Ewen McKenzie Dumped Along With Perspective

Rugby types like to reminisce. Forwards like to hark back to muddy fields and sharpened studs, upper cuts at the bottom of rucks and rolling mauls that went for days on end and made 15 metres in the process. Backs like to pretend that life was better when they didn't need to get mud on their jerseys (but other than that all the rules invented in the last 30 years and all the improvements to playing surfaces have made their life easier, just don't tell them that).

So to hear the ARU and NSWRU cry poor and bemoan the falling attendances and TV ratings is to listen to old men with selective Alzheimer's.

Back in the good old prehistoric days, around 1997, when the Super 14 was less Super and the concept of 26 rounds or a team in Japan wasn't even a twinkle in John O'Neill's eye, you could get into the Sydney Football Stadium for $15 on the night and have a whole bay of seats to yourself, and not behind the goal posts but on the 22. Beers cost $2, there were no beer queues and if you ran onto the ground you were just politely told to leave of your own account or be escorted away (as happened to the Rolling Maul one memorable bucks party).

Super 12s Rugby had a one-hour highlights package on channel 7 but if you wanted to watch a live game you had almost no chance. Foxtel was a luxury no one had (unlike now when it's a luxury everyone is almost forced to have) and apart from going to the game to see the match played you had to find a pub that showed it, and there weren't many of those.

Fast forward to 2005. In front of packed grounds, super coach Ewen Mackenzie takes a star-studded Waratahs to second on the ladder and the final of the Super 12s (where they get thrashed by the Crusaders). The game is in rude health after a highly successful World Cup where the game captures the imagination of the country and all matches are ridiculously well attended and TV ratings are massive.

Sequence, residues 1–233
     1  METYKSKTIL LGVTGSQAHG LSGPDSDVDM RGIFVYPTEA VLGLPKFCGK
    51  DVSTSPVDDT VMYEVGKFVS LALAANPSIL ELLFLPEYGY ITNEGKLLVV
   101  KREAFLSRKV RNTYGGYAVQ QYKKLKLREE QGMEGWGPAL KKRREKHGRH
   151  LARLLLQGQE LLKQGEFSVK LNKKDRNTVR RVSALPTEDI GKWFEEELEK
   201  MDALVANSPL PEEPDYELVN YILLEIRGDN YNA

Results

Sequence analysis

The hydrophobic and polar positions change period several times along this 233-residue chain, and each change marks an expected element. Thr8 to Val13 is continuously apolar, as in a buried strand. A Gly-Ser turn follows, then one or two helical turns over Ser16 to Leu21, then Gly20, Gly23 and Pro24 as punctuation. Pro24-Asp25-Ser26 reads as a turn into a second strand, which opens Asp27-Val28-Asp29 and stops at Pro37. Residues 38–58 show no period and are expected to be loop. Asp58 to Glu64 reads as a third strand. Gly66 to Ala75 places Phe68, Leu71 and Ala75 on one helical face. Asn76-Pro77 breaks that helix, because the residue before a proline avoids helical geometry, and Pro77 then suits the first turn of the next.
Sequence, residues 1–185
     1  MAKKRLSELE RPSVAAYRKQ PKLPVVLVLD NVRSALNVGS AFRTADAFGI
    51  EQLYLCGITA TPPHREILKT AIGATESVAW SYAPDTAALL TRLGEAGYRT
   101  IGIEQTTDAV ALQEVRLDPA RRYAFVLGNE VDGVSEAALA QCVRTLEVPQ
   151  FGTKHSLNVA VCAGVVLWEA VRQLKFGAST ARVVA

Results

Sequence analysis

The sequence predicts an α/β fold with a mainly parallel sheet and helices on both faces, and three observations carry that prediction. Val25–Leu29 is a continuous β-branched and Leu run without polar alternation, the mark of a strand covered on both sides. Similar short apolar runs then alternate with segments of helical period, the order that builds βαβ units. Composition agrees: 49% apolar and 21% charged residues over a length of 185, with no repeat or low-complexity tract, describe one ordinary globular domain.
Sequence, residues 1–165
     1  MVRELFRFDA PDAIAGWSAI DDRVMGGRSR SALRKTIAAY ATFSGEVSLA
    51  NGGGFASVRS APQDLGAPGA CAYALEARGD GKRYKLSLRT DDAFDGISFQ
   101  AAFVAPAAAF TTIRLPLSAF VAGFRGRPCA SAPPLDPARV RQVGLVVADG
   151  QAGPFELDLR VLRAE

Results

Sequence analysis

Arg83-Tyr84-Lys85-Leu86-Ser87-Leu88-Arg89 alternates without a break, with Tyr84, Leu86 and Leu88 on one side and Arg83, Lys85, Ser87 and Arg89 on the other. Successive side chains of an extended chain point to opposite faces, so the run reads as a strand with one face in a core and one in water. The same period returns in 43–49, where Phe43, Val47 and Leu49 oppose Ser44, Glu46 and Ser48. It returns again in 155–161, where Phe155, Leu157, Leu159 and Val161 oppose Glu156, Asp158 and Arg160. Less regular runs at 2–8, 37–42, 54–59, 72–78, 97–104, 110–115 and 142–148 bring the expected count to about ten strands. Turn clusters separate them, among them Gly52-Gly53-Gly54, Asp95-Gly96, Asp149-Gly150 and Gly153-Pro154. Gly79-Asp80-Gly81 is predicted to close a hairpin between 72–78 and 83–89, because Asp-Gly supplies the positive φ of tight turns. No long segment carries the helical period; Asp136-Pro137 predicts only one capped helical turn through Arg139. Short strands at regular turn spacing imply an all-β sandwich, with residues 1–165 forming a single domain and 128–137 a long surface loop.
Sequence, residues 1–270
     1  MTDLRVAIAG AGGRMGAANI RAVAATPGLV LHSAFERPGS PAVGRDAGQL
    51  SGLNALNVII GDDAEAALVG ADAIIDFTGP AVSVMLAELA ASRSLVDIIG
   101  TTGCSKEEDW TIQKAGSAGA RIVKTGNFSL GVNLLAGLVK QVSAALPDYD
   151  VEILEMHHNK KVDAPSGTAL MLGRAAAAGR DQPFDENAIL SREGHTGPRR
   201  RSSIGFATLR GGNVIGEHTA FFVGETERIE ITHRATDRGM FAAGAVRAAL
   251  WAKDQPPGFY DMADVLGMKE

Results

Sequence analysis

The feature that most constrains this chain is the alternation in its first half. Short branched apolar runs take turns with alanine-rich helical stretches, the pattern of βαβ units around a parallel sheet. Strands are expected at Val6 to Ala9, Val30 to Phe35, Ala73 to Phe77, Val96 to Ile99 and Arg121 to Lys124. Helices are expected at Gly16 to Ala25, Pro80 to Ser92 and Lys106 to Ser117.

So less than two years later is a legacy of a successful World Cup and Waratahs Super Rugby season squandered? Is Ewen Mackenzie leading a team of injury riddled youngsters and washed up has-beens to the bottom of the table. The answer to both is a resounding no. The powers that be that run the game have never had it so good.

Compared to the late 1990s, Rugby Union in this country is in rude health. Over 20,000 people saw the Waraths play the Cheetahs, a team from South Africa that no one knows anything about and haven't won a game all season. The Waratahs have won 4 from 6, as good as nearly any season they've had in the past and a massive improvement over 2007 when only a victory over an even worse Queensland outfit prevented them taking home the wooden spoon.

Yet the NSW Rugby heavies, with memories only slightly better than goldfish (OK, so that's a myth but so is contemplating League merging with Union) have pushed Ewen Mackenzie out the door.

Maybe they should thank the NSW public for giving them such a luxury. And while they're at it, try talking the game up rather bemoan a lost heritage that doesn't exist.


Anonymous said…
Maybe we should have Rolling Maul organising pub! Or even round robin home visits to watch the games at the luxury houses.